Volume Four Number One Late Winter 2000
Maine people, representing over 500 Maine volunteers of all political parties, submitted over 42,000 signatures for a people's referendum ballot for November, 2000, to the Secretary of State. If verified, Maine voters will have a say in saving the forests and saving Maine forest jobs in a moderate bill. It is both balanced and reasonable.
Maine people DO care about saving forests and jobs for the future. Those jobs need forests. We depend on forests. Forests stand guard for rivers, lakes, streams, fish, wildlife, and water sources for all of us, as well as produce raw materials for paper and other wood products. In may ways, we all depend on the forests.
We will refuse to be scared again about losing jobs if we vote to save the forests. Forest loss Is job loss. By now, we have learned our lesson. We have lost too much already. WE TRIED TO AVOID ANOTHER PEOPLE'S VOTE THROUGH SENSIBLE LEGISLATION IN AUGUSTA.....WITHOUT SUCCESS. NOW THE LEGISLATURE COULD AVOID A PEOPLE'S VOTE BY PASSING THIS COMPROMISE!
This is the ballot question: "Do You Favor Requiring Landowners to Obtain a Permit For All Clearcuts and Defining Cutting Levels For Lands subject To Tree Growth Tax Law?" WHAT DOES IT MEAN?
FIRST, it is not a clearcutting ban. With good reason to clearcut more than five acres of land(storm and budworm damage, for example) a permit could be given by the Maine Forest Service. Applications would be open to the public and a appeal process in place.
SECOND, if a TAX BREAK is given by the state under the 30-year old Tree Growth Tax Law which was instituted to assure sustainable forestry, the cutting can't exceed the growth rate. This is only fair. Maine taxpayers subsidize these tax breaks. they should be sure those who get them live up to their commitment. This will not hurt small woodlot owners because they do not cut destructively, and for the most part cut sustainably. It won't hurt householders who worry they might not be able to cut to build a house or for firewood, for examples.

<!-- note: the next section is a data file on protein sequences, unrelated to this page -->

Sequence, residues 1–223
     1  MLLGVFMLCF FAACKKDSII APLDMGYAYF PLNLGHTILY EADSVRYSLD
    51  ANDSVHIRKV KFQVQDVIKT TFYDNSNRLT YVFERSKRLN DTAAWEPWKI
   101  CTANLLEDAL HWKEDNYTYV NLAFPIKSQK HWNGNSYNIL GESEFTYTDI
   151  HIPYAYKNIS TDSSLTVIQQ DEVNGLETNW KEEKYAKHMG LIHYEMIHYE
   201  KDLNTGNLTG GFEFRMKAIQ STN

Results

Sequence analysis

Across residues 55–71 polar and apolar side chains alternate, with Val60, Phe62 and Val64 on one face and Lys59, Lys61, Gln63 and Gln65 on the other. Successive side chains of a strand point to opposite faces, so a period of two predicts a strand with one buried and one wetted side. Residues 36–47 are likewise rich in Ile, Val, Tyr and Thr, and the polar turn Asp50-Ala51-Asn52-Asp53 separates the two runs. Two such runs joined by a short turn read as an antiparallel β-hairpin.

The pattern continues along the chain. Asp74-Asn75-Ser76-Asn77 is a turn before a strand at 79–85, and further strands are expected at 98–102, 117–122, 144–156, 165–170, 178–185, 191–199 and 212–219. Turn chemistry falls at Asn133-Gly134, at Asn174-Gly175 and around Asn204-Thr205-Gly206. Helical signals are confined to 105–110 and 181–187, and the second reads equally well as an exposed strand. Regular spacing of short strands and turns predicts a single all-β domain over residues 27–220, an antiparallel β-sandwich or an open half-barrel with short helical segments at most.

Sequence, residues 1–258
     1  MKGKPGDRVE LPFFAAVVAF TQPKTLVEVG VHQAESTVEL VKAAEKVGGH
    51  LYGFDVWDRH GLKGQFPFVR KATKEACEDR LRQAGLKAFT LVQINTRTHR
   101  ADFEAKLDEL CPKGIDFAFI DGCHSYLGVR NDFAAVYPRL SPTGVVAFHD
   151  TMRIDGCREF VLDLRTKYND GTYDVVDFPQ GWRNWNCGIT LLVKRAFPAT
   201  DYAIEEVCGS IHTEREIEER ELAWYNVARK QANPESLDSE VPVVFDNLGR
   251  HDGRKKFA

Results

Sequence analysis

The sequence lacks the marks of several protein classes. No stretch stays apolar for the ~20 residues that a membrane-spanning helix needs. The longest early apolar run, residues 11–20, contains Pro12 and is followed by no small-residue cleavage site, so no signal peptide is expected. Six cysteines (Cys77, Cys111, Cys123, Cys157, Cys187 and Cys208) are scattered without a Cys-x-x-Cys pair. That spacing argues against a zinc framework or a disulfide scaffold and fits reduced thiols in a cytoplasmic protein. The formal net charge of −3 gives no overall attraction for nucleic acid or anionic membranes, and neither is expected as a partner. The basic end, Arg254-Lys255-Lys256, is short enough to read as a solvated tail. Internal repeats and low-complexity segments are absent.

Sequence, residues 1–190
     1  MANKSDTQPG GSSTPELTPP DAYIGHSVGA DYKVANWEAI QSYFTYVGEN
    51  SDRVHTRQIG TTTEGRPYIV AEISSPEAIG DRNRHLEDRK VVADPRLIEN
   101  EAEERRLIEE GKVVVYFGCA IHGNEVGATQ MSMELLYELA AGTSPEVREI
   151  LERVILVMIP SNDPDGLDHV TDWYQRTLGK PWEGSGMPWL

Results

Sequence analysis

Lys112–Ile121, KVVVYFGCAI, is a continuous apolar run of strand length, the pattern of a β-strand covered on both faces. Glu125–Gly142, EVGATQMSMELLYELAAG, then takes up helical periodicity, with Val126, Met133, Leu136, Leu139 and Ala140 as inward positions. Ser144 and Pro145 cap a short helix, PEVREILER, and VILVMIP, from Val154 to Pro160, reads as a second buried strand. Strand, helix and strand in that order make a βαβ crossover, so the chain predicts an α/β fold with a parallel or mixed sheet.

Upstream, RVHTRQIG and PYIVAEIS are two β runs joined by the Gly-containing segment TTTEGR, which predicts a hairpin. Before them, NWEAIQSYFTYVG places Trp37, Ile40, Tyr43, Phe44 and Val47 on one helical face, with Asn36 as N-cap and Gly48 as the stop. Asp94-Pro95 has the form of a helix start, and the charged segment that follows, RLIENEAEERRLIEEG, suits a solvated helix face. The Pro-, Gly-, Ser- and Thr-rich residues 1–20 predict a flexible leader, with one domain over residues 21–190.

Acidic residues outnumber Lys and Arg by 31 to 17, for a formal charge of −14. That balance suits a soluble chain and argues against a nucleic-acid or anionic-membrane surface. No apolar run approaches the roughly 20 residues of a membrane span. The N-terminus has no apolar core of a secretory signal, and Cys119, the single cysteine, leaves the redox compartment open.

THIRD, there will be a permanent Council on sustainable Forest Management appointed by the Governor to establish the rules to make this law work. Environmental groups and the paper corporations will not be on the Council. People with scientific expertise and forestry experience WILL.
This bill's supporters are caring people, north and south, who have been tireless in trying to save the forests and forest jobs. Be sure, Mainers won't give up this work.
DEDICATED TO SUPPORTING SUSTAINABLE FORESTRY